A few weeks ago I sent out a survey, asking you to share your biggest frustrations, fears, and challenges when it comes to being healthy.
Over 1000 people responded, and what came back…
…was shocking. Honestly, it was depressing. For the whole day after setting up camp at a coffee shop and reading every single response, I walked around in a funk that I just couldn’t shake.
So many people think they’re doing it wrong.
They’re eating plant-based, whole foods, maybe 85 or 90 percent of time (some much more than that)… and they can’t get over how much they’re screwing up, what nutrients they’re surely missing out on, and how hard it all is.
They’re beating themselves up, citing self-sabotage, indecision, lack of confidence, lack of commitment, and even FOMO.
I’ve got news for you: when you’re stressed out like this, wound this tightly around the topic of something so fundamental as food… the healthiest diet in the world isn’t going to make you healthy (or happy).
So where is it all coming from?
Here’s what I think.
When it comes to eating a healthy diet, there are two things going on:
- There’s the “knowing what to eat” part — essentially the focus of every diet book in the world.
- Then there’s the “getting yourself to do it” part.
That second one is really important. The entire diet industry revolves around the fact that “getting yourself to do it” is extremely hard. (It’s not supposed to be, but the preponderance of addictive junk food on store shelves and at restaurants, available just about any time you want it, makes it so.)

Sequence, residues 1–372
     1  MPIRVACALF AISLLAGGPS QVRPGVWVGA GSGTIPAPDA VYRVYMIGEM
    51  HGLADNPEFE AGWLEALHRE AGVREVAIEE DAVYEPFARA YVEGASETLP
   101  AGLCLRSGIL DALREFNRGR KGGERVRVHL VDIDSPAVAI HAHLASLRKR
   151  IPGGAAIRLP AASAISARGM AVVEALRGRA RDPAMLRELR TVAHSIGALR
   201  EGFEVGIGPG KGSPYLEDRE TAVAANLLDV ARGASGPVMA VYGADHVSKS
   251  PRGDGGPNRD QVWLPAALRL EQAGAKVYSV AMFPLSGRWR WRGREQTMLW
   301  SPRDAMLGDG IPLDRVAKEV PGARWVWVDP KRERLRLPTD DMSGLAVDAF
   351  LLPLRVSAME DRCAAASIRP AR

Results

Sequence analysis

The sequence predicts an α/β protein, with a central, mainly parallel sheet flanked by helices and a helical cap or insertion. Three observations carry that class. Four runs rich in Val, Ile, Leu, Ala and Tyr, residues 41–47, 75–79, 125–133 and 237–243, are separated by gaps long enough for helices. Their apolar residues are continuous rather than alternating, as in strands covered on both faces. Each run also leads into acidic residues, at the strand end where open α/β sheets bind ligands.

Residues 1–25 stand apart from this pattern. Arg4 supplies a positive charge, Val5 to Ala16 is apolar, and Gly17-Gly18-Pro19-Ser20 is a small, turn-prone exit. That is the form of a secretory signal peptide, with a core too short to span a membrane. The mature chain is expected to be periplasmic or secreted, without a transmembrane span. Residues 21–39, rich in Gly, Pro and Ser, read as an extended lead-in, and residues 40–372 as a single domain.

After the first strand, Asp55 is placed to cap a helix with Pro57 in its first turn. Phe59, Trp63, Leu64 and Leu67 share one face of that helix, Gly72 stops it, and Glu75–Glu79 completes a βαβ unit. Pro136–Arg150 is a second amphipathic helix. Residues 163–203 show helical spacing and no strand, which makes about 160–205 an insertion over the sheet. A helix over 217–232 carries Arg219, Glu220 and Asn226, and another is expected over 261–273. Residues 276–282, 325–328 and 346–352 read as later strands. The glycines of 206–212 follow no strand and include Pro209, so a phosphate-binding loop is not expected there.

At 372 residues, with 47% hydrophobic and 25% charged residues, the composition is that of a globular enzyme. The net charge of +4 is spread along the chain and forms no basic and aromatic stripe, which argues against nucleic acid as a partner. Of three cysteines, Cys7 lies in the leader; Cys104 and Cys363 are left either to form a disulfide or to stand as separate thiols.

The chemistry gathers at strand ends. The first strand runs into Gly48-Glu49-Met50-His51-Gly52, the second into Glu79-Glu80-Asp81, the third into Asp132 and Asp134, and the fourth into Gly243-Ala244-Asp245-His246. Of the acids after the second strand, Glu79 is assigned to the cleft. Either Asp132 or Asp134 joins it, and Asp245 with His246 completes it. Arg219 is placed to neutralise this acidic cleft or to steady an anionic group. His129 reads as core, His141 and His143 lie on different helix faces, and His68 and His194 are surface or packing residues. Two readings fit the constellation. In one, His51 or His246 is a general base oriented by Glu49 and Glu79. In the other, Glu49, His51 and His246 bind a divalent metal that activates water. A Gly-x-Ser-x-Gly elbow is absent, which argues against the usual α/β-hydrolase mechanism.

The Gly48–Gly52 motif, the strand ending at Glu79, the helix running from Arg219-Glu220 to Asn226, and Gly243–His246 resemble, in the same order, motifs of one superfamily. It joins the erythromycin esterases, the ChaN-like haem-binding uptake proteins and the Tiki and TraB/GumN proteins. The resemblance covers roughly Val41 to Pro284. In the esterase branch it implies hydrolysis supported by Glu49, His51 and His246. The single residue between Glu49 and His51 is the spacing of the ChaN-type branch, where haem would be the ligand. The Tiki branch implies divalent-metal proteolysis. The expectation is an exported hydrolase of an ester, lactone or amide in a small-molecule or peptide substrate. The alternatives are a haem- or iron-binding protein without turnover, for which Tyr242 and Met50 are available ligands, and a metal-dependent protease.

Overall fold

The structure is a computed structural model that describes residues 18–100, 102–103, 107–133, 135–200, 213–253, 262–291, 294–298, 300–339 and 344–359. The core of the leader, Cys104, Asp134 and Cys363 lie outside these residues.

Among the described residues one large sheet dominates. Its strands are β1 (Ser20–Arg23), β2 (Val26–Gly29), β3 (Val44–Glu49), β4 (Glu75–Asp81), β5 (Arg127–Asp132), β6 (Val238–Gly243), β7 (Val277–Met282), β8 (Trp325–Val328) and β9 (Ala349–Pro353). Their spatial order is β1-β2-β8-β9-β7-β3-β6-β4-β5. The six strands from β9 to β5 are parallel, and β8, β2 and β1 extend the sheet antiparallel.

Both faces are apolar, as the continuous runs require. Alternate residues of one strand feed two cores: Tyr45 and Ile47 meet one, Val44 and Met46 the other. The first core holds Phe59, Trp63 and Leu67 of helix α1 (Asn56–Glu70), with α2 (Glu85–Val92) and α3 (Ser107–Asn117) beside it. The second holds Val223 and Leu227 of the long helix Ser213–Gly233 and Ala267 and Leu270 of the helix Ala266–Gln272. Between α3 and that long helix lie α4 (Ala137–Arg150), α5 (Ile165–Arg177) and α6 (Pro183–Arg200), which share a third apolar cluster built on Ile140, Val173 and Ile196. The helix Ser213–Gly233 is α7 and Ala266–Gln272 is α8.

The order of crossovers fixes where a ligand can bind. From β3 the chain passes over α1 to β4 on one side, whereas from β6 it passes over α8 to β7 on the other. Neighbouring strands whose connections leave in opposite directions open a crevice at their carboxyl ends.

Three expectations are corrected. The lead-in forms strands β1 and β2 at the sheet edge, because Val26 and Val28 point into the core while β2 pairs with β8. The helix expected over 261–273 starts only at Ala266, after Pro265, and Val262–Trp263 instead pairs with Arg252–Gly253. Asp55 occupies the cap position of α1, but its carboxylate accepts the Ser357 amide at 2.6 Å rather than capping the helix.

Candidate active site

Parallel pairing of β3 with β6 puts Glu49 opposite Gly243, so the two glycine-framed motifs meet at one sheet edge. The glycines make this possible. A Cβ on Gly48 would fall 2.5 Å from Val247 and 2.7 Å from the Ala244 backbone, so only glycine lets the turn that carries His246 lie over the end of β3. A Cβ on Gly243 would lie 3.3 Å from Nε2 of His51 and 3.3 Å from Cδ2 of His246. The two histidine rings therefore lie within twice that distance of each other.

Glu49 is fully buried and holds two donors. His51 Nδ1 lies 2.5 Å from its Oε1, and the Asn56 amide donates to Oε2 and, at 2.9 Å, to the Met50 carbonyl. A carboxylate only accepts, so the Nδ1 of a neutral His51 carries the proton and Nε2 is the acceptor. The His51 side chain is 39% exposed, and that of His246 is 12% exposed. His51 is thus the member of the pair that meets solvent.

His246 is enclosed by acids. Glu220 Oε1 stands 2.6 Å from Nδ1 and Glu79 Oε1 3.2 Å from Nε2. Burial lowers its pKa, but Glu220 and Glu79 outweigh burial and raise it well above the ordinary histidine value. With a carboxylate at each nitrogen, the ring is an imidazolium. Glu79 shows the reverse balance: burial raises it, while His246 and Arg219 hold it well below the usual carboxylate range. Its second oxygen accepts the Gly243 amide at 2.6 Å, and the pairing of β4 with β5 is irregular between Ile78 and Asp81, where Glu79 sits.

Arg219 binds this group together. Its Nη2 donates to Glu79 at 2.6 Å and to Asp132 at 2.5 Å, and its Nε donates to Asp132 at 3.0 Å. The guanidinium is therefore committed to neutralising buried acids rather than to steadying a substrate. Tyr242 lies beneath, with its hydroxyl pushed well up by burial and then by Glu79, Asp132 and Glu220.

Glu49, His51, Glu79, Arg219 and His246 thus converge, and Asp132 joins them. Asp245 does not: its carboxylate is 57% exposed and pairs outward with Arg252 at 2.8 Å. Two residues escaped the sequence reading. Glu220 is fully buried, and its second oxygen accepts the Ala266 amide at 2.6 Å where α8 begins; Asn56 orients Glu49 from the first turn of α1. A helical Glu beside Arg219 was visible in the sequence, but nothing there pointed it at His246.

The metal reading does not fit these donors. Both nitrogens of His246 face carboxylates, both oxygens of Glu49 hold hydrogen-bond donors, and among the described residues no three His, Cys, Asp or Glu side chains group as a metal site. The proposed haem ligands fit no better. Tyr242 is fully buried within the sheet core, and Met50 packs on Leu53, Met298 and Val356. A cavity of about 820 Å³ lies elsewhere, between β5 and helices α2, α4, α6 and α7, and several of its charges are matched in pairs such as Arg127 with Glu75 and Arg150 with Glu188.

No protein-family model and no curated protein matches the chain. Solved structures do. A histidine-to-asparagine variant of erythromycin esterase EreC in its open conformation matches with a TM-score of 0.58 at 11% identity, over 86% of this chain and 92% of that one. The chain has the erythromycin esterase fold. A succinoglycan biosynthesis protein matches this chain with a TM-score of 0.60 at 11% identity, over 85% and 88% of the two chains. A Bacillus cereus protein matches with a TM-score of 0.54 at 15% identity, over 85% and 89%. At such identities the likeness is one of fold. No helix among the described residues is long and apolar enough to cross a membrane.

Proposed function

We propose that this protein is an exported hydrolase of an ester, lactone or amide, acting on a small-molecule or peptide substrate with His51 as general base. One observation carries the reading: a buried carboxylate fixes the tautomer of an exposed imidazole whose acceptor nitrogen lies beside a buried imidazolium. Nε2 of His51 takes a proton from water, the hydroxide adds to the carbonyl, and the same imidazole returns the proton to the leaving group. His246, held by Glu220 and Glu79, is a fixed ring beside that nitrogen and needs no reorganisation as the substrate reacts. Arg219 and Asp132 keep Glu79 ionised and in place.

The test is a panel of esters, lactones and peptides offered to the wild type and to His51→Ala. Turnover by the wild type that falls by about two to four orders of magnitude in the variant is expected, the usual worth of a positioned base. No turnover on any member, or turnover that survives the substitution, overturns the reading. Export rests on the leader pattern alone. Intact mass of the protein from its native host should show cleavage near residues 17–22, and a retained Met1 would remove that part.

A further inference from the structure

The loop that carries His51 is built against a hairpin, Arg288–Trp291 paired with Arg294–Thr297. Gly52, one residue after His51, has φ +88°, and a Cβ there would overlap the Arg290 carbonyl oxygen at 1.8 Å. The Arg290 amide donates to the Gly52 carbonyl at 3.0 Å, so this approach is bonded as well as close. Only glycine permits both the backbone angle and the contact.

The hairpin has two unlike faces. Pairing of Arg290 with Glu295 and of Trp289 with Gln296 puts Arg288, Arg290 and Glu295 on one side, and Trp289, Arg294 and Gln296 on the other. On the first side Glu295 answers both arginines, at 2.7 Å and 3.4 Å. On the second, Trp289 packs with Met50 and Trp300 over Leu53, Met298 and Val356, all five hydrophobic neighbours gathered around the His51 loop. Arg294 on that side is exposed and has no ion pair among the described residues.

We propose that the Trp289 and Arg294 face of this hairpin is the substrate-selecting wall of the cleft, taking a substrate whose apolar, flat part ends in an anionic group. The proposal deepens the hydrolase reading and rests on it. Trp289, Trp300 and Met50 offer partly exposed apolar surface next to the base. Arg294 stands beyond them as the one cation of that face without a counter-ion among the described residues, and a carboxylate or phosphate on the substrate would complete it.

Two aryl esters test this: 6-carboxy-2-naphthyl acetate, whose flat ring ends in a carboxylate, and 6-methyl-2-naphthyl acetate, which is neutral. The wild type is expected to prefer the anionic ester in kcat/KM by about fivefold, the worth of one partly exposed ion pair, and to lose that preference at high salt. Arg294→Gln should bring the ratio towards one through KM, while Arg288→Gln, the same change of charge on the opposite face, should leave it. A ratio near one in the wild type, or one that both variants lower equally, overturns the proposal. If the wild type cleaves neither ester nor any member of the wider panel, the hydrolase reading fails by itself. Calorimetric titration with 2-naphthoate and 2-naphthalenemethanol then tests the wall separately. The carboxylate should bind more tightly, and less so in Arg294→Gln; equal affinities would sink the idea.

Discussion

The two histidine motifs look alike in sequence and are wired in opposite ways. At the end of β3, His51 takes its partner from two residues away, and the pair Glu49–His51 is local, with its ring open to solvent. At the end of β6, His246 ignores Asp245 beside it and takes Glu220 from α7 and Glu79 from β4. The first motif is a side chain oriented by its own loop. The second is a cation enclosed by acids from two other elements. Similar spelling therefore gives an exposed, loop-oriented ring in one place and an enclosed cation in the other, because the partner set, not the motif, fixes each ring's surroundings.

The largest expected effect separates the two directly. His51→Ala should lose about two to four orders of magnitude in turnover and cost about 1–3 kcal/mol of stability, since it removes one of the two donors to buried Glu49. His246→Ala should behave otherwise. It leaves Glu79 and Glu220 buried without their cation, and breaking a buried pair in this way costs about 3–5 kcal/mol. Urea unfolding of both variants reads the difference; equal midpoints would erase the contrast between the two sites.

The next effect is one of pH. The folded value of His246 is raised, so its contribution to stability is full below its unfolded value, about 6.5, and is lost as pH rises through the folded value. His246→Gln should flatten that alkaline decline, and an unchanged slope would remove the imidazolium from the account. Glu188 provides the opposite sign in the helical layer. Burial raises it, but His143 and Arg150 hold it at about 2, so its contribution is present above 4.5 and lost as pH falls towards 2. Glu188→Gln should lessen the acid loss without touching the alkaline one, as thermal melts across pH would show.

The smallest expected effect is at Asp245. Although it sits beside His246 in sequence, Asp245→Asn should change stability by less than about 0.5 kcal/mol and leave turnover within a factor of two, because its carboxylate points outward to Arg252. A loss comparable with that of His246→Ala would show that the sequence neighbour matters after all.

There are ways to “get yourself to do it,” of course. But they require either a tremendous amount of willpower or a lot of patience, and both are in short supply these days.
So instead, the diet book industry preys on people who aren’t getting the results they want, by suggesting that oh, actually we were wrong all along: it turns out you don’t need to eat those bland, healthy foods. Instead, a revolutionary new (science-backed!) method lets you eat all the foods you’ve always loved — or follow just one hyper-specific rule about the way you eat them — and you’ll be healthy, strong, sexy, and energetic.
In other words, they promise us a shortcut.
And the more we take these shortcuts, the less natural our eating becomes.
We precisely time meals. We obsess over food combinations. We consult GI charts. We measure the pH of our pee. We meticulously count calories.